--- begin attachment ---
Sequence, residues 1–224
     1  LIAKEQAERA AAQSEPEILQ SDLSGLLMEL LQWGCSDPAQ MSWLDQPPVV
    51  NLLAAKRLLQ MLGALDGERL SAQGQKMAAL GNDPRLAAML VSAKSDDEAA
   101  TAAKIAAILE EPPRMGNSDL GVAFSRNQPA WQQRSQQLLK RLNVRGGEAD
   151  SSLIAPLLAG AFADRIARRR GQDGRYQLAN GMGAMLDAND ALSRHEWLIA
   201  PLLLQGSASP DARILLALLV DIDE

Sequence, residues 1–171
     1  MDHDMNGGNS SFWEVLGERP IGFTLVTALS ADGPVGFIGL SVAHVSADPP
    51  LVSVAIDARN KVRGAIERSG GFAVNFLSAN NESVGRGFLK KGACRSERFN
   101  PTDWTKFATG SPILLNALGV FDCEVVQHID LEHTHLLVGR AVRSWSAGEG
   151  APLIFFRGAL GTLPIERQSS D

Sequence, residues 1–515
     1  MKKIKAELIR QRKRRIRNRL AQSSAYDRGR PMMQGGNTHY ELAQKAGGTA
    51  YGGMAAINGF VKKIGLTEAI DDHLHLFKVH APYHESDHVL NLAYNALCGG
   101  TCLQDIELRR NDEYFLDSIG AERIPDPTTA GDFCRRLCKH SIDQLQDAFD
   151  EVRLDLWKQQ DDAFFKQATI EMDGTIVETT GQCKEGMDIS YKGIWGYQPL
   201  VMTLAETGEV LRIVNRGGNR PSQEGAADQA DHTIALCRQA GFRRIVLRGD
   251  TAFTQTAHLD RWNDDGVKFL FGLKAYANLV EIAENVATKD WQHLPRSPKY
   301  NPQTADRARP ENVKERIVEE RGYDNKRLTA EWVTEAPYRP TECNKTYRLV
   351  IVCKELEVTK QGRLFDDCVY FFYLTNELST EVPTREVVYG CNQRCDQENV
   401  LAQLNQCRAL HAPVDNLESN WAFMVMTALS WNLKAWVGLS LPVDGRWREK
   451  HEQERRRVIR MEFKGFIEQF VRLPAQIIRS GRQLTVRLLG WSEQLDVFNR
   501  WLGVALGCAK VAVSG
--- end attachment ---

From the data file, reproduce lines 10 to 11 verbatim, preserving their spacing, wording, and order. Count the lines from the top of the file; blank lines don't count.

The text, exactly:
   101  PTDWTKFATG SPILLNALGV FDCEVVQHID LEHTHLLVGR AVRSWSAGEG
   151  APLIFFRGAL GTLPIERQSS D